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Dan + Shay : Bigger Houses Review

Dan + Shay : Bigger Houses Review

Dan-Shay-Sound-In-Review-CdThe aroma of freshly brewed coffee wafts through the room as I slide my headphones over my ears, gearing up for a melodious journey with Dan + Shay’s new album, Bigger Houses. As the crackling anticipation hangs in the air, I can’t help but ponder: Can an artist—especially a duo like Dan + Shay, who almost called it quits—navigate the labyrinth of reinvention without losing their essence?

With a decade of artistry in the rearview mirror, Dan + Shay are seasoned wanderers in the landscape of country-pop. They’ve been to the Grammys, friends; they’ve serenaded love and lamented heartbreak. Their influences—think Keith Urban with a sprinkle of Rascal Flatts—have painted their sonic palette with vibrant hues. But the question that whispers from the shadows of their previous works like Where It All Began, and Good Things is, can they metamorphose without alienating their core sound?

The album in question, Bigger Houses, unravels as expected, interwoven with threads of pop, electronica, and R&B, while maintaining patches of their more traditional country roots. It’s like finding an old photograph in a book you’ve just opened; the past and the present mingling in a delicate balance. Can we talk about how they’ve managed to craft songs that are both time capsules and telescopes peering into the future?

Let’s not dilly-dally, dive with me into the standout tracks, shall we?

Imagine you’re walking into a country bar; the air is thick with nostalgia and yearning. “Save Me The Trouble” is the song that would be playing. With a standout line like “Oh, we’re already playing with fire / Said that you had to go about an hour ago / Baby, you’re such a beautiful liar,” the song is a rich journey through the duo’s vocal performance and delightful hooks. These hooks not only serve as earworms but also as snapshots of the emotional spectrum that Dan + Shay excel at, a point that’s consistent across tracks like “Heartbreak On The Map,” “Heaven + Back,” and “Always Gonna Be.”

Starting off with a contemplative piano, “We Should Get Married” soon catapults us into a honky-tonk universe of jubilant rhythms and infectious hooks. It’s like taking that leap of faith in love—first hesitant, then all-in. The song pulls off an intricate balancing act, oscillating between moods, while the band performs complex fills that act like joyous exclamations in a grand narrative. A fundamental change adds a dynamic shift, as if raising a toast to the eternal rollercoaster that is love.

The album explores diverse themes—from romance and heartbreak to appreciating the small moments in life. This variety keeps the album fresh, even though it sometimes leads to inconsistencies. The writing is generally solid, echoing what the band already does best. The duo’s roots in country music are present, but the elements of pop are more fluid than ever in this album and are brought to the fore. Despite this evolution, the core elements that I’ve come to love about the band are still recognizable. The production, mix, and instrumentals are generally good, although there’s room for improvement.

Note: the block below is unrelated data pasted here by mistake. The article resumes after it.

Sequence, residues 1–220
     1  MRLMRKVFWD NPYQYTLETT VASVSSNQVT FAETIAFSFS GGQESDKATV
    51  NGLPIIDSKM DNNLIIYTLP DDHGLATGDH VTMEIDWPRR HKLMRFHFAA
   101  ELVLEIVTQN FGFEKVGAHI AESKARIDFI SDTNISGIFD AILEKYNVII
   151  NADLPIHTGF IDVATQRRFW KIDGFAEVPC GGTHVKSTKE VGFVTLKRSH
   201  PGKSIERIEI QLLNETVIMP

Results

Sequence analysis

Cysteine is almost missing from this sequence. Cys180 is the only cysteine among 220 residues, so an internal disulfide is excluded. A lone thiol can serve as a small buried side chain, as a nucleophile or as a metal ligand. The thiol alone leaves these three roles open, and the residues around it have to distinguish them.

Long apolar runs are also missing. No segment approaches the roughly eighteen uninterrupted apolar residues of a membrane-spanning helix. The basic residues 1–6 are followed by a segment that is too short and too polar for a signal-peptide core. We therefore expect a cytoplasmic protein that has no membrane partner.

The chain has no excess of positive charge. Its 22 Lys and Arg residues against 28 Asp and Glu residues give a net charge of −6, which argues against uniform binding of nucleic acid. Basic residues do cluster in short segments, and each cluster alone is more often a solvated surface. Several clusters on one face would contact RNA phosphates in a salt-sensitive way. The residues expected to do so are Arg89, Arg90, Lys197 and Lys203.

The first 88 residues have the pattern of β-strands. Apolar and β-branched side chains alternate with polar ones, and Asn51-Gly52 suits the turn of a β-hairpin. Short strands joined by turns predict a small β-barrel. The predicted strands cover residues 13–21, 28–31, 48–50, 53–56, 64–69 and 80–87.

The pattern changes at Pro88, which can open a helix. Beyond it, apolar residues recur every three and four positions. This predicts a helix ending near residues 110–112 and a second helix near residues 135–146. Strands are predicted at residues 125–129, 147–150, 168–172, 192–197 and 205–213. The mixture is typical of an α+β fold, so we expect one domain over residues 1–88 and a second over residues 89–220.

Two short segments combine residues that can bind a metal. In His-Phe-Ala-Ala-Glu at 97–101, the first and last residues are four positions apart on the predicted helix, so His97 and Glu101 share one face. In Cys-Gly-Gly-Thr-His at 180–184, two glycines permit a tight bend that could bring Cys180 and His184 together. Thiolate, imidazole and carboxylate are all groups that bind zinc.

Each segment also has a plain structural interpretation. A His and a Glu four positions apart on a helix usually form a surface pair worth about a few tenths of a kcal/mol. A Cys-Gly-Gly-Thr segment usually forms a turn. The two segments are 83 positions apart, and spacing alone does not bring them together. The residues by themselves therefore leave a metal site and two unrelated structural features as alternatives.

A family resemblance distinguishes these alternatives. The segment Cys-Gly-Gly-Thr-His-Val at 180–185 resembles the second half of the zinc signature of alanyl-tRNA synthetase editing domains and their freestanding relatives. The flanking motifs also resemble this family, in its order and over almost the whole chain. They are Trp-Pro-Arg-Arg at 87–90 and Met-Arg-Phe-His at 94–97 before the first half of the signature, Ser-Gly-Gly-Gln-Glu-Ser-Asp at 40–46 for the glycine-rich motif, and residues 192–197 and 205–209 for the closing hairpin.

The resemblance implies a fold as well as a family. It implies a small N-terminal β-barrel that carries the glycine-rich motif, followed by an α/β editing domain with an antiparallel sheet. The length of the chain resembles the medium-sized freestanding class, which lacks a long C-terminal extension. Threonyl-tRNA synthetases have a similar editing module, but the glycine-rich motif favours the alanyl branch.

Here’s what’s captivating: the album embraces you, taking you on an emotional sojourn where you explore the valleys and peaks of relationships and personal growth. And ah, those harmonies! Dan + Shay possess that uncanny ability to have their voices melt into each other like two colors on a canvas, producing an enchanting yet soul-stirring blend. Bigger Houses delivers the emotional punch Dan + Shay are known for. Whether it’s the romantic overtones, themes of heartbreak, or songs that make you reflect on life, the album offers a variety of emotional narratives.

To say that Bigger Houses is a pivotal chapter in Dan + Shay’s narrative wouldn’t be an exaggeration. This album reflects their journey as musicians and human beings navigating life’s twisty paths. If you’ve been sleeping on this duo, consider this album your wake-up call. It’s a must-listen for longtime fans and newcomers alike, encapsulating the essence of what makes Dan + Shay a remarkable act in the pop-country scene.


Dan + Shay: Website

Artist Name

Dan + Shay

Album Title

Bigger Houses

Release Date

September 15, 2023


Warner Music Nashville LLC

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About The Author
Shannon Smith
A fan of music my entire life. Should that be enough, well it is for me. Who buys music, the fans. Who listens to music, the fans. Like me, there are many like-minded individuals that daily search for meaningful and new music to add to their playlist, their soundtrack of life. A life without music would Bb. Yes, I have seen that saying floating around for years, and truth is, its #truth. So, may I introduce you to Shannon Smith (me). I am the editor. A music junkie that can’t get enough music in my life. A nerd (proudly), with some mad love for technology and design. It is that desire that sparked Sound in Review. Life is busy, the reviews are meant to ultimately introduce and briefly talk about the music. We have a section called SIR Quote: this is my way of saying thank you, to the countless artists making the world a place of expression. Show yours by rating each artists album, just as we have (collectively as writers), to show your support for your favorite artist.
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